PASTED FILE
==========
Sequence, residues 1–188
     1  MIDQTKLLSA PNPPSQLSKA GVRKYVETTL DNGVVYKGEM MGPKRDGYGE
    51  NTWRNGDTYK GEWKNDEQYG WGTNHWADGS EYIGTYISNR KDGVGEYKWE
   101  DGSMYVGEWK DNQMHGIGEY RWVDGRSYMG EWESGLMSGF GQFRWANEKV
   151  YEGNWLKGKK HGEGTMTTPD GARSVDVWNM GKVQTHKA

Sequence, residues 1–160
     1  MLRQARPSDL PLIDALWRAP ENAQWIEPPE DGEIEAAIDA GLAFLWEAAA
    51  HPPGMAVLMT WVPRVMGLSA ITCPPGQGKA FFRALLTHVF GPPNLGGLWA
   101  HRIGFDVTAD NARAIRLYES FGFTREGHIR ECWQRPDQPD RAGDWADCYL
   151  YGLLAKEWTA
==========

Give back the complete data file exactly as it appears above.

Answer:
Sequence, residues 1–188
     1  MIDQTKLLSA PNPPSQLSKA GVRKYVETTL DNGVVYKGEM MGPKRDGYGE
    51  NTWRNGDTYK GEWKNDEQYG WGTNHWADGS EYIGTYISNR KDGVGEYKWE
   101  DGSMYVGEWK DNQMHGIGEY RWVDGRSYMG EWESGLMSGF GQFRWANEKV
   151  YEGNWLKGKK HGEGTMTTPD GARSVDVWNM GKVQTHKA

Sequence, residues 1–160
     1  MLRQARPSDL PLIDALWRAP ENAQWIEPPE DGEIEAAIDA GLAFLWEAAA
    51  HPPGMAVLMT WVPRVMGLSA ITCPPGQGKA FFRALLTHVF GPPNLGGLWA
   101  HRIGFDVTAD NARAIRLYES FGFTREGHIR ECWQRPDQPD RAGDWADCYL
   151  YGLLAKEWTA